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Guest: The UI Foundation needs a major overhaul

BY THOMAS WOLF - GUEST OPINION | JANUARY 22, 2010 7:30 AM

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Congratulations Hawkeye Nation on an incredible football season, capped off with a dominant Orange Bowl victory. I enjoyed the game on television earlier this month — despite the mindless commentary — and it gave me pause to assess the basis of my pride in my alma mater.

In doing so, I reflected on the dedicated faculty, the idyllic campus, and the hearty sports teams that deserve high praise. But then, because of my profession and my hopes for Iowa, I could not help but consider the UI Foundation, whose investment management is not praiseworthy and needs immediate attention.

Instead of raining on the parade, please allow me to expose the issue and define a solution, in the hopes of seizing the opportunity to fortify our world-class university. The thought came to mind — and is timely — because I think the situation is very analogous to Division-I college football if you can accept that the context is big business and then proceed from this perspective.

The Hawkeye football program is a large asset and is being managed very well, arguably optimizing its revenue opportunity. This is driven by head coach Kirk Ferentz, whose compensation is high on an absolute basis but is a terrific value relative to his peers’ compensation and even more so when factoring in results. The university desires to be competitive in football and is successfully executing a plan to achieve its goals.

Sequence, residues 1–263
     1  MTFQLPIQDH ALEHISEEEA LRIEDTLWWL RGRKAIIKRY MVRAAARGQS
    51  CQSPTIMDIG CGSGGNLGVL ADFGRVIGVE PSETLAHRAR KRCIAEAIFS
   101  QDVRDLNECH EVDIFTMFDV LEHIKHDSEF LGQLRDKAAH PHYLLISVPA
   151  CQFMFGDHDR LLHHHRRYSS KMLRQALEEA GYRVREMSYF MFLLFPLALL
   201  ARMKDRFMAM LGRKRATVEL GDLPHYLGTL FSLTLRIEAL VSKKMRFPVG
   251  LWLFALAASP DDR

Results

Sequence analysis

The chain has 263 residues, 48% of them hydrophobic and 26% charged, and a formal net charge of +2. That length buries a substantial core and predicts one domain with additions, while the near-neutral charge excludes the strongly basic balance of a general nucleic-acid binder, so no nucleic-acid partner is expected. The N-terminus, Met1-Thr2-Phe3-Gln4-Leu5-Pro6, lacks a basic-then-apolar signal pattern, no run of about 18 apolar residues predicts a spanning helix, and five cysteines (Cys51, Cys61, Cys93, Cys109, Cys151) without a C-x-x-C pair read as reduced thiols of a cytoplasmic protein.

This is not the case for the UI Foundation.

For football context, think of the dismal era post-Evashevski and pre-Fry: ineffective leadership and subpar results. Without question, the investment committee has good intentions and is well supported by a board which has generously provided time and money to the UI Foundation. But the simple fact is, the investment results have been lacking.

While these results are not uncommon for volunteer investment management, it does not have to be the case. Just as in college football, qualified, experienced head coaches (for foundations, they are called chief investment officers) are available and, better still, work for performance-based compensation consistent with the investment mandate of the institution.

When new leadership has ownership of the role, accountability will be commercially enforced, similar to football: What was our record for the year? How did we do in conference? Nationally?

What players do we need? Is this still the right head coach?

This mandatory evolution is long overdue — and for fine examples of this approach, look no further than the University of Michigan or Northwestern University. To quantify approximately what peer-like performance would mean to the current endowment, a top-20 finish in college-endowment performance results on the current asset base would yield more than an additional $50 million per year. Why are we not competing?

Over the past few years, I have encouraged the UI Foundation to take steps in this direction, and I have been dismissively told that the UI Foundation cannot afford to take these steps. The reality is there are a billion (approximate UI Foundation dollar value) reasons we can afford professional management. It pays for itself — thankfully, as does Ferentz.

Thomas Wolf is a UI graduate and Chartered Alternative Investments analyst.


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